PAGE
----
Thursday, May 05, 2011

The Lord of Labraz: leaving no stone unturned

The Lord of Labraz by Pío Baroja, translated by Aubrey F. G. Bell, Alfred A. Knopf, 1926 (originally released in 1903 in Spanish)

From’s August 30, 1926 book reviews:

The Spanish hail Señor Baroja as their most popular living talespinner. He writes a little like Dickens, a little like Stevenson, always like a Spaniard—that is, with bold light, harsh shading. His story here is quite simple—a blind nobleman in a priest-ridden hill town quixotically shoulders his brother's misdeeds, earning only calumny and spite from the populace, renouncing society and going to wander, Lear-like, over the bleak table-lands with a wronged barmaid for his Cordelia, a Basque beggar for Poor Tom. It is fiction with strong bones.

Today we have an even better shorthand available for the this book, which would be to imagine Shakespeare and Dickens combining to write telenovelas.

Baroja can be deft in his descriptions—all you need to know about the “priest-ridden” description can be supported in one sentence:

This church was endowed with forty-eight benefices, but as the salaries were very small, those favoured were naturally men of limited education; according to the chronicler Alizaga, they were simple modest persons who spent their time gambling and drinking, courting and coursing.

There are many more episodes that help describe the town, such as the madam of a brothel threatening to post a list of the priests that visit her house. The town seems to attract its share of eccentric or flawed characters that blend in with the locals. An exiled roué returns to Labraz and picks up right where the reader imagines he left off. The Englishman Samuel Bothwell Crawford, whose novel we are supposedly reading here, absurdly (but effectively) defends the honor of his innkeeper’s daughters. Life in Labraz…well, let’s see another example:

A single occurrence paints the town. Once during Holy Week, while the procession was going through the streets, a strolling gipsy with a monkey arrived and begged for alms. He avoided the streets through which the procession passed, and made the monkey dance to the sound of a drum. Suddenly the sky became overcast and presently it began to rain. The people, those who were returning in the robes with which they had played a part in the procession, those who had carried the canopy, the standards and the image on its platform, were of opinion that the gipsy’s ape was responsible for the rain. A canon, with the face of a pig, sad that for the gipsy to have gone about the streets on that day was in very truth an insult to the Divine Majesty, and forthwith all those bullies of the procession hurled themselves on the monkey and stabbed it all over. The gipsy ran away and was pursued with stones till he was lost to sight. All these things Perico, the Liberal of the town, explained by the following poem, which he had probably invented:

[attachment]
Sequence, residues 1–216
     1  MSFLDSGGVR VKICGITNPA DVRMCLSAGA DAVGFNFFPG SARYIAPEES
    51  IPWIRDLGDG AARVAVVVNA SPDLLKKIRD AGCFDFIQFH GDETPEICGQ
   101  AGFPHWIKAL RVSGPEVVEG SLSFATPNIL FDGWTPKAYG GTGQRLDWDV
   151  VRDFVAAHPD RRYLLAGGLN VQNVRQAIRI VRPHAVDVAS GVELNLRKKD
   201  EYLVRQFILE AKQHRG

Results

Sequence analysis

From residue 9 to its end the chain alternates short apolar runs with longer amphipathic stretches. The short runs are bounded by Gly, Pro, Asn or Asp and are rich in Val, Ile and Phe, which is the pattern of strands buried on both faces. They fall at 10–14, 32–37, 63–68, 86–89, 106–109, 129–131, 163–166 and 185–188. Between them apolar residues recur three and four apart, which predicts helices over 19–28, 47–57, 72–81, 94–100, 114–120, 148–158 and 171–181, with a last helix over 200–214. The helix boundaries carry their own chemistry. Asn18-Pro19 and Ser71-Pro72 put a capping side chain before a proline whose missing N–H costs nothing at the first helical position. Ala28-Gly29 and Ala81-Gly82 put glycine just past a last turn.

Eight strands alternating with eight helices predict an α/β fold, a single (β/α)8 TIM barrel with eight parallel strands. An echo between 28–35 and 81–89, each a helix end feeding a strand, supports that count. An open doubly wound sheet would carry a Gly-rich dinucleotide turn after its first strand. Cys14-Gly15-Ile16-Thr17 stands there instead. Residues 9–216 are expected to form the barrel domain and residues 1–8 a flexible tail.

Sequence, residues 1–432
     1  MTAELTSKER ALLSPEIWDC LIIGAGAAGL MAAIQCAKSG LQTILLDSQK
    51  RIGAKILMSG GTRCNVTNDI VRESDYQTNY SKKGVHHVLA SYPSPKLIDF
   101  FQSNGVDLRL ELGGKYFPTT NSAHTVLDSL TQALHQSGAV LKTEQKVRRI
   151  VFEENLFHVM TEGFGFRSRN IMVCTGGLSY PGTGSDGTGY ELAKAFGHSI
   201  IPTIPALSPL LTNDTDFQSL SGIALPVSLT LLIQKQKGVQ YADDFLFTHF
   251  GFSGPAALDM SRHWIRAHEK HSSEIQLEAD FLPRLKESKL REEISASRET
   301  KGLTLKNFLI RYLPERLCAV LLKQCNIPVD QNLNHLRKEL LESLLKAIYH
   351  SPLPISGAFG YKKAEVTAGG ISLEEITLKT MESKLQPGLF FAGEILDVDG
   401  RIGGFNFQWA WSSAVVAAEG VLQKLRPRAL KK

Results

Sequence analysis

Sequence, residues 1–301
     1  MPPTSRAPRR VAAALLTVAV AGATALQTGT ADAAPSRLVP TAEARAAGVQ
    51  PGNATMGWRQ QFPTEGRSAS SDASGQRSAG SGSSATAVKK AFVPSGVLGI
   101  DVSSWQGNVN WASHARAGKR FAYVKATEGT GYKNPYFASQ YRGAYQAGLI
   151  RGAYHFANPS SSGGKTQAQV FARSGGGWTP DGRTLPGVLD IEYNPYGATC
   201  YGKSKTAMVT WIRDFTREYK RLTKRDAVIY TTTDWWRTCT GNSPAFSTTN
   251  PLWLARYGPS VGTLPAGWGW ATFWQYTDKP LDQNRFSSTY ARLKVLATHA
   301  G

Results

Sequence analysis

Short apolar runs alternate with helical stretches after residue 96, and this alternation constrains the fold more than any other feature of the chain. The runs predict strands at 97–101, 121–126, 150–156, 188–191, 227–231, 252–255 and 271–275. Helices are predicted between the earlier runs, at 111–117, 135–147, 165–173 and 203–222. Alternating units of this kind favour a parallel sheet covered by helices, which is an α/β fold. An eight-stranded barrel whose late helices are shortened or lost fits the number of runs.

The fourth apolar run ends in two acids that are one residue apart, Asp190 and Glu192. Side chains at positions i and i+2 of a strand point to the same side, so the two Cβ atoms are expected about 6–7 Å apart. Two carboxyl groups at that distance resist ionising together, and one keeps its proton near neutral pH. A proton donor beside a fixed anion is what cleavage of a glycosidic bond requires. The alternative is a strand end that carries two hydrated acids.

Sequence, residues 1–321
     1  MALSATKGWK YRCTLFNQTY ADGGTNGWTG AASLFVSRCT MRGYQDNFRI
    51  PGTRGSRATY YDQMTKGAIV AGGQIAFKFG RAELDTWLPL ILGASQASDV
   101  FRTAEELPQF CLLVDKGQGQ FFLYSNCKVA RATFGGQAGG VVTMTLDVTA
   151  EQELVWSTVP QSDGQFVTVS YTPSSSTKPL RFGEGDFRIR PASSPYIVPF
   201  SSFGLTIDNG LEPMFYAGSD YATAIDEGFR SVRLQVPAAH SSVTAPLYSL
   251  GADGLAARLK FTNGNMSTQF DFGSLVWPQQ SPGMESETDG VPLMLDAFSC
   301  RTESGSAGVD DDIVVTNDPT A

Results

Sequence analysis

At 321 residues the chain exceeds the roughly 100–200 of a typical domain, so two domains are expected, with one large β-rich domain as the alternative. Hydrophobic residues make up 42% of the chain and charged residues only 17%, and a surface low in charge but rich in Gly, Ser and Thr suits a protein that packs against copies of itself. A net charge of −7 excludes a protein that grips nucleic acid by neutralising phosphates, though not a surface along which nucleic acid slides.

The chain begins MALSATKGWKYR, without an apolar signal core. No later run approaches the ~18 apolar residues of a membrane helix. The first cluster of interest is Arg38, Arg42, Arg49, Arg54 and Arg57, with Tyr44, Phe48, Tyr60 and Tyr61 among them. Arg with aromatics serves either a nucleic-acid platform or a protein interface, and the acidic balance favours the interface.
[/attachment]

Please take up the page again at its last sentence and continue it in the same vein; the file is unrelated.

In Labraz you must not expect
Many Liberals to collect,
Labraz where nine of ten at least
Are sons of canon, monk or priest.

While the story continues to be established Baroja weaves in more literature:

One day Micaela, turning over and sorting things in the upper rooms, found in a closed case, wrapped up in cloths, a patined harp lavishly adorned. In the same box were some books yellow with time; there were French novels, Matilde, and Sir Walter Scott’s Rokeby and The lady of the Lake, Lamartine’s Graziellta, and other novels; the rest were devotional works with images and certificates of confession in their pages. Micaela had the harp brought down to her room, and read the novels. Despite her natural calm and aristocratic coldness, all that mass of languid love affairs and tender complaints made an impression o her, and her mind fell a pretty to the poison of romanticism.
The young man hired to teach Micaela how to play the harp, Raimundo, falls hopelessly in love with her. As the nephew of the organist of the church and himself the back-up organist, his timidity and respect, not to mention his vows, lead him to remain quiet of his desire although he tries (and succeeds) in expressing himself through playing the organ.

The visiting roué, Ramiro, focuses his skill to seduce Micaela. “Don Ramiro left no stone unturned: he lent her Faublas and the Liasons Dangereuses in hopes that they might influence her; but Micaela read these books and returned them with the comment that she had found them dull and silly.” Subtle, isn't he? I’m sure we’ll find out if the effort pays off or not in the next book titled “The Sacrilege.”

No comments: